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Canna (plant) – Wikipedia

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**Description and Taxonomy**:
– Cannas are large tropical and subtropical herbaceous perennials with rhizomatous rootstock.
– They have broad, flat, alternate leaves that unfurl from a long, narrow roll.
– Flowers are asymmetric, with three sepals and three petals in red, orange, or yellow colors.
– The name ‘Canna’ originates from the Latin word for a cane.
– Canna indica, cultivated by Native Americans, was the first species introduced to Europe.
– Canna is native to tropical and subtropical regions of the New World.

**History and Distribution**:
– Canna indica was one of the earliest domesticated plants in the Americas.
– The plant has a rich history in both tropical America and Europe.
– Cannas are native to tropical and subtropical regions of the New World.
– C. indica has naturalized in many tropical areas worldwide and can be invasive.
– The genus is found from the Southern United States to northern Argentina.

**Ecology and Cultivation**:
– Cannas are relatively pest-free but can be affected by pests like the canna leaf roller moth, slugs, and snails.
– Diseases like canna rust and certain plant viruses can affect cannas.
– Cannas grow best in full sun with moderate water in well-drained soil and are cultivated for their large foliage and vibrant flowers.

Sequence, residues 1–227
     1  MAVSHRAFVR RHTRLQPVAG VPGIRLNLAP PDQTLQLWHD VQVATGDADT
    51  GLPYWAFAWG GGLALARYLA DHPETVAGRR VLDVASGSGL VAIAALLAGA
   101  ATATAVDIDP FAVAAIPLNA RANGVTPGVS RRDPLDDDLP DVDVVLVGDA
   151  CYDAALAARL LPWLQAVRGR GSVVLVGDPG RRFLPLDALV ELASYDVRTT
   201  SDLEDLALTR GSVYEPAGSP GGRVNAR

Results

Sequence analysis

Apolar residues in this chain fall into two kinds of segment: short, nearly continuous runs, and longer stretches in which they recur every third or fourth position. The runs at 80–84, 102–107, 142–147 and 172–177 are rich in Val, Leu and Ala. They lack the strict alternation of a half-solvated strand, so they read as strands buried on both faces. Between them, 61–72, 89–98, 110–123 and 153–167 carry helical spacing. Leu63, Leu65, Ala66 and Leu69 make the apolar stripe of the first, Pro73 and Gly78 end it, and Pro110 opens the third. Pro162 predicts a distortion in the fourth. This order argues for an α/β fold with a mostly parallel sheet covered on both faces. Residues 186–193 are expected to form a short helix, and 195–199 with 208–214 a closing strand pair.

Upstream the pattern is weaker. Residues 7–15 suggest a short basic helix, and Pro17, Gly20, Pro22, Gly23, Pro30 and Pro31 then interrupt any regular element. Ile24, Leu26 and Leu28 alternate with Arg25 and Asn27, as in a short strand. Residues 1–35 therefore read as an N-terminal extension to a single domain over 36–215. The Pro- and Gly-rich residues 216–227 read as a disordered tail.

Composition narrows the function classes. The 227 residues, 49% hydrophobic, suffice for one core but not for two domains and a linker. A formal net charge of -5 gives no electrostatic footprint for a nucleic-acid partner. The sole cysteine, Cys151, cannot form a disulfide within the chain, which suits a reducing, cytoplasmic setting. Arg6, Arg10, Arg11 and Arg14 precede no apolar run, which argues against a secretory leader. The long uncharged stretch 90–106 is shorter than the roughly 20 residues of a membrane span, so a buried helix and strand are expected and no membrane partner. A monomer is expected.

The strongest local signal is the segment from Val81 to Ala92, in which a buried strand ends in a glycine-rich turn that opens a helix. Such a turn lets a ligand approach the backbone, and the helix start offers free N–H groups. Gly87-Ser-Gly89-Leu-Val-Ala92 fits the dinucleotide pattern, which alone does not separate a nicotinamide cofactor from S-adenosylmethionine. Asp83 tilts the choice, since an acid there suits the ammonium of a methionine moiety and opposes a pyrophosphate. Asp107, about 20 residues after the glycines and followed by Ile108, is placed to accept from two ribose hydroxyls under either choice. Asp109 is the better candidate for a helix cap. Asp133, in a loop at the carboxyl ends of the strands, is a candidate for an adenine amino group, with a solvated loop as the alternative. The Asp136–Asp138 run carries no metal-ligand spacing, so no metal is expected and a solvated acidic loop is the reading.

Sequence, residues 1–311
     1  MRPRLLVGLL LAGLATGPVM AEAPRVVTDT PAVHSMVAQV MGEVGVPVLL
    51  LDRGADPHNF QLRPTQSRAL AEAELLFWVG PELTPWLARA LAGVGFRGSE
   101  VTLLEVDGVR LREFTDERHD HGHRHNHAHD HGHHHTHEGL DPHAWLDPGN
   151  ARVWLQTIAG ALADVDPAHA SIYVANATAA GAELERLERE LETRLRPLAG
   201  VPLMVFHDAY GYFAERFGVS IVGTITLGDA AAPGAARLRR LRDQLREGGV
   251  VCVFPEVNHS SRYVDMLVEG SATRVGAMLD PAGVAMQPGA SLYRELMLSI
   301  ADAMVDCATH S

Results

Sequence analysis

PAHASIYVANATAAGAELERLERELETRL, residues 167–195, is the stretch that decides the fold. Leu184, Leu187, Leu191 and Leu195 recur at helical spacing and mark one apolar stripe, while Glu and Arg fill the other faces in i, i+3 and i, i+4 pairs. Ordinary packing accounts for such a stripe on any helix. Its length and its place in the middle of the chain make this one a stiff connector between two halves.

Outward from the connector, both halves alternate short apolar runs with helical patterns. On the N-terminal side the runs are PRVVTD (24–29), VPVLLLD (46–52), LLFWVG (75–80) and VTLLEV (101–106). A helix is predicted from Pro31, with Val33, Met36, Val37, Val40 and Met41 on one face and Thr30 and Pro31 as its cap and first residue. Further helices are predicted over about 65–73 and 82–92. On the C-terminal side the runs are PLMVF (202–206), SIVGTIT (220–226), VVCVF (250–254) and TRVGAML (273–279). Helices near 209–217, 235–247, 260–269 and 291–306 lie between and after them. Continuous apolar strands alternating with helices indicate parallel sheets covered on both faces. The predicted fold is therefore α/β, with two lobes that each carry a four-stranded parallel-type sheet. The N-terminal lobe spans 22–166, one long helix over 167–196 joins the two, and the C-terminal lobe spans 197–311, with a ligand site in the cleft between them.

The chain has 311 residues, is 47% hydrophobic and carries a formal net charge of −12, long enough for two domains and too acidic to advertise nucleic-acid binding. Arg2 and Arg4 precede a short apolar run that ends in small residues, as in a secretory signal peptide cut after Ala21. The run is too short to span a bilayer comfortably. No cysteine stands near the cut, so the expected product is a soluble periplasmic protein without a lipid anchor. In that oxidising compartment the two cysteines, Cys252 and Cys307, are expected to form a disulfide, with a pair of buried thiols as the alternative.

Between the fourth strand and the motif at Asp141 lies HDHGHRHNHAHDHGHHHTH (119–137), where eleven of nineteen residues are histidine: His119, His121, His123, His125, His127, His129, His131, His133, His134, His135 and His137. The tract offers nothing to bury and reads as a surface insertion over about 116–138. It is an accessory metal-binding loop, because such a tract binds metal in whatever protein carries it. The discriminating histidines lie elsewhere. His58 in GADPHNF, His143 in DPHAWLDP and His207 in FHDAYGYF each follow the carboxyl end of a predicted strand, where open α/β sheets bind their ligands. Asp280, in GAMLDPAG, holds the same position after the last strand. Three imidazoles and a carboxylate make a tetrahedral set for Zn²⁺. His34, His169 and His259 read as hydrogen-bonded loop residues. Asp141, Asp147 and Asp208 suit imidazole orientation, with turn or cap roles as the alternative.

– They are versatile plants that can adapt to various growing conditions.
– In arid regions, cannas are often grown in water gardens.

**Uses and Horticultural Varieties**:
– Cannas are used for jewelry, musical instruments, and alcohol fermentation in India.
– They are widely grown in temperate and subtropical regions for their ornamental value.
– Ornamental cultivars have been developed for various landscaping purposes.
– Canna rhizomes are rich in starch used in agriculture for human and livestock consumption.
– Over 2,800 cultivar names have been accumulated, with blurred distinctions among cultivar groups due to interbreeding.

**Propagation Methods**:
– Sexual propagation involves seeds produced through genetic recombination.
– Asexual propagation methods include rhizome division for identical plants and micropropagation for rapid multiplication.
– C. indica is an aggregate species with extreme forms, and mutations are almost always sterile.
– Horticultural cultivars can be separated into smaller rhizomes with growing nodal points.
– Micropropagation uses in vitro division of small pieces in a sterile environment.

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